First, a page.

WEST DUMBO, March 13 — Allied forces announced today that the Wall must come down.
No, there hasn’t been a return to the Cold War, but partisans say that the Manhattan Bridge has become a “Berlin”-style wall cutting through the heart of DUMBO.
And two cultures — an East DUMBO and a West DUMBO, if you will — are slowly developing, complete with their “own set services: cleaners, cafes and even their own subway stations,” according to the DUMBO Improvement District.
Now the group wants to do something about this Checkpoint Charlie (without the barbed wire and machine guns). The first step, the group believes, is transforming the Pearl Street Triangle — an area bounded by Front, Water and Pearl street — from a neighborhood black hole of haphazard parking, uneven asphalt and partially covered-over cobblestones into a town square complete with a farmer’s market and pedestrian-only spaces.
“[We need] to tackle the mish-mosh of patch work asphalt, failed Belgian blocks and public parking,” the group said in a statement. “The area has a great potential to be revitalized into an enchanting public space as DUMBO’s town center.”
Perhaps the Improvement District is using Berlin — the real one — as an example. The German capital’s town square, Potsdamer Platz, was devastated during World War II, and then shut down when the Berlin Wall — the real one — was built through it.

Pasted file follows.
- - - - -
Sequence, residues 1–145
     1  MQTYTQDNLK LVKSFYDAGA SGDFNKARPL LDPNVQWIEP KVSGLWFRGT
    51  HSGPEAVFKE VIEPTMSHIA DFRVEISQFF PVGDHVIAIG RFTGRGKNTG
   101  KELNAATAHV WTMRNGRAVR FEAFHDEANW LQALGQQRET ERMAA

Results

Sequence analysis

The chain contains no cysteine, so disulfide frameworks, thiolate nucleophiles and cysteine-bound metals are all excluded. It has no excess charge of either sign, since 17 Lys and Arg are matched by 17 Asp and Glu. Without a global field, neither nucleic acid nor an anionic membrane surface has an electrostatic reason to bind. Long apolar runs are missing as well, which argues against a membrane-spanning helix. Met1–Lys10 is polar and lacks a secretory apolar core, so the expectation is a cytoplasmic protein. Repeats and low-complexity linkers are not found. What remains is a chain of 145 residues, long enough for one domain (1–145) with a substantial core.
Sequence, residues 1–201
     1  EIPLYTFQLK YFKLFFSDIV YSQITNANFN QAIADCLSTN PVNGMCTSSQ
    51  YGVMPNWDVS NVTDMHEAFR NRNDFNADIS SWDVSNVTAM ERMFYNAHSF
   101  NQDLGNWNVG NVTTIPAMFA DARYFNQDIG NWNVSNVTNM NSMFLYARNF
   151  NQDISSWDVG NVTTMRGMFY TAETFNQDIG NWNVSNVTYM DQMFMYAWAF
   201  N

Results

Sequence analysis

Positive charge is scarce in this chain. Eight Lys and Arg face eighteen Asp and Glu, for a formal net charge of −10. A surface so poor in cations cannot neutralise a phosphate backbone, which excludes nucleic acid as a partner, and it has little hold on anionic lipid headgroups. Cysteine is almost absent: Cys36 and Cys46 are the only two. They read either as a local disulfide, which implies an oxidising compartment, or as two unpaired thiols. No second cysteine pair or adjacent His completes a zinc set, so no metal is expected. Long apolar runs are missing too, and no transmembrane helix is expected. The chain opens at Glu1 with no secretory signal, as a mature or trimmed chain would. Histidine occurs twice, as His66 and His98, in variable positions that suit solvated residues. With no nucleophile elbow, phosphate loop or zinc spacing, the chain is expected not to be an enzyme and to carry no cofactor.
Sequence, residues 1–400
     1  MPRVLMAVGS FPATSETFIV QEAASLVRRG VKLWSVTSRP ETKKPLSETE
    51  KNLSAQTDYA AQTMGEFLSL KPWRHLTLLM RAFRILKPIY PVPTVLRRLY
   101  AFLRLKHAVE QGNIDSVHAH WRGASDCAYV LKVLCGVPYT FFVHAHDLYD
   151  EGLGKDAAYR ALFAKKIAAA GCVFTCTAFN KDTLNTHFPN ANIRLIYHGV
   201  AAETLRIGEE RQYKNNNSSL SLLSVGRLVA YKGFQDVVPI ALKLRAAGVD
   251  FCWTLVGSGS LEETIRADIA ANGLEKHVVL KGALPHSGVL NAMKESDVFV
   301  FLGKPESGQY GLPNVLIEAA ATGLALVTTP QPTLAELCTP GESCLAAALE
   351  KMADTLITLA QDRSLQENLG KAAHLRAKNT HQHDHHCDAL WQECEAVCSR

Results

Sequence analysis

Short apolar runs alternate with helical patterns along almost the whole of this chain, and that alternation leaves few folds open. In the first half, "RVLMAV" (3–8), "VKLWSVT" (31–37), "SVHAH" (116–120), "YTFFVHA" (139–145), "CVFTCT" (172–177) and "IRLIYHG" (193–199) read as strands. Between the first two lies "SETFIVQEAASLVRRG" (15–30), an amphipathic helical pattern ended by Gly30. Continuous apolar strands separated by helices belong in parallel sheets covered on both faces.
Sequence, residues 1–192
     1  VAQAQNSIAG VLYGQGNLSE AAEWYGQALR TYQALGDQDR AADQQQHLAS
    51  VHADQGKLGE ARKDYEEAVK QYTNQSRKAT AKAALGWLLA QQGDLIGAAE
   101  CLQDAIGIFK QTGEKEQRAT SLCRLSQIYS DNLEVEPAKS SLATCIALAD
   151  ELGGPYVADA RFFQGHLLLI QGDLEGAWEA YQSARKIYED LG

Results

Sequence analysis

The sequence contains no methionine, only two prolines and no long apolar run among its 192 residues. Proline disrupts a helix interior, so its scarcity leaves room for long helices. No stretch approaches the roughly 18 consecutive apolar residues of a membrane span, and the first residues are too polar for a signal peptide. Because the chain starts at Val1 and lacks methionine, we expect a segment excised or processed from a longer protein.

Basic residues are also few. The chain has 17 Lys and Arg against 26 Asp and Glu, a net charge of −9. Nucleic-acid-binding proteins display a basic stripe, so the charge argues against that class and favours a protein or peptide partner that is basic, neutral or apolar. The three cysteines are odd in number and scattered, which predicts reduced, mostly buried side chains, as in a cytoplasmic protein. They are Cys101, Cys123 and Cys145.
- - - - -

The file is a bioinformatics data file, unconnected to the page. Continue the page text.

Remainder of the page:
But when the Wall came down, Potsdamer became a hot piece of real estate, and is now one of the busiest shopping, entertainment and tourism areas of Berlin.
Manhattan’s meatpacking district is also a good example of a successfully re-imagined industrial area. A decade ago, the only people to walk down the neighborhood’s streets were butchers and deliverymen. Now the area is fashionable, and boasts some of that outer borough’s highest rents.
But bringing down DUMBO’s wall could be harder than bringing down Communism (after all, we can’t simply tear down the Manhattan Bridge).
Much like Ronald Reagan telling Mikhail Gorbachev to “tear down this wall,” the Improvement District is also recommending that the Manhattan Bridge arch on Water Street — currently used by the Department of Transportation as a storage space for construction materials and maintenance crews — be re-opened as a pedestrian walkway.
But the Gorbachev in this extended metaphor, DOT spokesman Chris Gilbride, said that the agency has used that space for storage since the 1980s, and had no plans to reopen the arch anytime soon.
Still, Tucker Reed, the Improvement District’s executive director is hopeful. After all, Gorbachev turned out to be pretty cooperative in the end.
And in the meantime, the Improvement District wants the neighbors to come to a meeting next week to chime in with their own ideas about how to turn the Pearl Street Triangle from a Bermuda Triangle into a “Piazza san DUMBO.”
“We’re looking for ideas that will create green space in DUMBO that will be beneficial for both businesses and residents,” said the DUMBO Improvement District’s president, Tom Cohen.
Pearl Street Triangle public forum (111 Front St., suite 258 (at Washington Street), March 22, 5:30 pm. Call (718) 237-8700 for information.